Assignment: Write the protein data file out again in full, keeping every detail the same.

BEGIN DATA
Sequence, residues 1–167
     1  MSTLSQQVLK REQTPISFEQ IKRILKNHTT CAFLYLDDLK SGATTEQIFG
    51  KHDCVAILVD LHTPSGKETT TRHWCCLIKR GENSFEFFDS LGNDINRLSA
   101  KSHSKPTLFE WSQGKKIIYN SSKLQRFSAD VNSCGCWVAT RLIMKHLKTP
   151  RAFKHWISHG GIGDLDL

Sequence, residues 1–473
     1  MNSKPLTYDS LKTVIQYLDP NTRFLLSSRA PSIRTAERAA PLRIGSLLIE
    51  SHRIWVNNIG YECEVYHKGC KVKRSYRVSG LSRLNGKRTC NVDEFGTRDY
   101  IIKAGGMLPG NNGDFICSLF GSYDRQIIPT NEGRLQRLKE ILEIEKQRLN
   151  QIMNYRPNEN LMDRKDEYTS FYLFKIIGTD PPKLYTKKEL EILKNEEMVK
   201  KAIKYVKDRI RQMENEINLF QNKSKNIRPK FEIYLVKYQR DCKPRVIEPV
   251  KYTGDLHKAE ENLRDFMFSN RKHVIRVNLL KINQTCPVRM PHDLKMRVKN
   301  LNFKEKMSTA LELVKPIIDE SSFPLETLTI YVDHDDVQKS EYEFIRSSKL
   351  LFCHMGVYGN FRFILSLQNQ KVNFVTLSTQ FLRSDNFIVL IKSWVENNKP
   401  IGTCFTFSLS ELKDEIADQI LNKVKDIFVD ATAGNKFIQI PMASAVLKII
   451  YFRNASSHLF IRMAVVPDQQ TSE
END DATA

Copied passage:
Sequence, residues 1–167
     1  MSTLSQQVLK REQTPISFEQ IKRILKNHTT CAFLYLDDLK SGATTEQIFG
    51  KHDCVAILVD LHTPSGKETT TRHWCCLIKR GENSFEFFDS LGNDINRLSA
   101  KSHSKPTLFE WSQGKKIIYN SSKLQRFSAD VNSCGCWVAT RLIMKHLKTP
   151  RAFKHWISHG GIGDLDL

Sequence, residues 1–473
     1  MNSKPLTYDS LKTVIQYLDP NTRFLLSSRA PSIRTAERAA PLRIGSLLIE
    51  SHRIWVNNIG YECEVYHKGC KVKRSYRVSG LSRLNGKRTC NVDEFGTRDY
   101  IIKAGGMLPG NNGDFICSLF GSYDRQIIPT NEGRLQRLKE ILEIEKQRLN
   151  QIMNYRPNEN LMDRKDEYTS FYLFKIIGTD PPKLYTKKEL EILKNEEMVK
   201  KAIKYVKDRI RQMENEINLF QNKSKNIRPK FEIYLVKYQR DCKPRVIEPV
   251  KYTGDLHKAE ENLRDFMFSN RKHVIRVNLL KINQTCPVRM PHDLKMRVKN
   301  LNFKEKMSTA LELVKPIIDE SSFPLETLTI YVDHDDVQKS EYEFIRSSKL
   351  LFCHMGVYGN FRFILSLQNQ KVNFVTLSTQ FLRSDNFIVL IKSWVENNKP
   401  IGTCFTFSLS ELKDEIADQI LNKVKDIFVD ATAGNKFIQI PMASAVLKII
   451  YFRNASSHLF IRMAVVPDQQ TSE